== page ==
Biomimicry Institute
Biomimicry in the Built Environment

Evaporation: Closing the Gap between Forest and Urban Water Flows

Evaporation: Closing the Gap between Forest and Urban Water Flows

Have you ever walked through an evergreen forest in the rain? There is a hush all around. The forest floor is spongy and soft beneath your feet, and the layers and textures all around you create a coziness, a feeling of being protected. As you take a deep breath of fresh, clean air, you know it’s raining big drops up above, but all you feel is a cool mist floating down through the canopy.

You can find expansive sections of this forest all around Puget Sound. For many people, it is a mental and spiritual health reservoir, a place that helps us reconnect and remember that we are nature. But it is also an ecosystem services powerhouse. It stores carbon, cleans the air and water, regulates temperatures, and provides shelter and food for critters big and small.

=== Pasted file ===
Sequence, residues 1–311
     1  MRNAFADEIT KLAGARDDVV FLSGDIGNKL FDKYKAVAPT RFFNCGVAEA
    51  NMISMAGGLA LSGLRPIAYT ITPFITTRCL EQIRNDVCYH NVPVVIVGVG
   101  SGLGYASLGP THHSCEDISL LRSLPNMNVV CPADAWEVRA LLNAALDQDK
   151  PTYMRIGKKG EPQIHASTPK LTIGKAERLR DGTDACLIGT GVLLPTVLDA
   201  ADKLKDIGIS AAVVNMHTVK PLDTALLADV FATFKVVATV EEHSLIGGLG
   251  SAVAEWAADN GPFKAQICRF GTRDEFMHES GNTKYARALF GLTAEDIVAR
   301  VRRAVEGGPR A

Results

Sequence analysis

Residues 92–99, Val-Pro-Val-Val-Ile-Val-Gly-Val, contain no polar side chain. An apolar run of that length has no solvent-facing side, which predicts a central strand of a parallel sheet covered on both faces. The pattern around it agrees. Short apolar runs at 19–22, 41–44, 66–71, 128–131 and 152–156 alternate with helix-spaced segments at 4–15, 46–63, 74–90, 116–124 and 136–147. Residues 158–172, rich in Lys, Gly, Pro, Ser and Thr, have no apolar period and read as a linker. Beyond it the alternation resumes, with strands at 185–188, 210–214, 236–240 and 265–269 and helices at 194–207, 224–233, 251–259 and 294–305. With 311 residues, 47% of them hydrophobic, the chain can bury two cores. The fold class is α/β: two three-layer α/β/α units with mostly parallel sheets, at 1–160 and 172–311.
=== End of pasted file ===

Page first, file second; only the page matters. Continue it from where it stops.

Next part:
Nine Reasons Why Applying Biomimicry to Built Environment Projects is a Win-Win-Win

Nine Reasons Why Applying Biomimicry to Built Environment Projects is a Win-Win-Win

Designers in the building industry are continually looking for new and innovative ways to create beautiful, livable spaces that are environmentally responsible and resilient. Increasingly, those on the leading edge are looking to nature as a source of inspiration. Here are nine examples of how applying biomimicry in the context of the built environment can help designers, projects, and communities as they work to create naturally sustainable, inherently resilient spaces.

Tap into nature anywhere: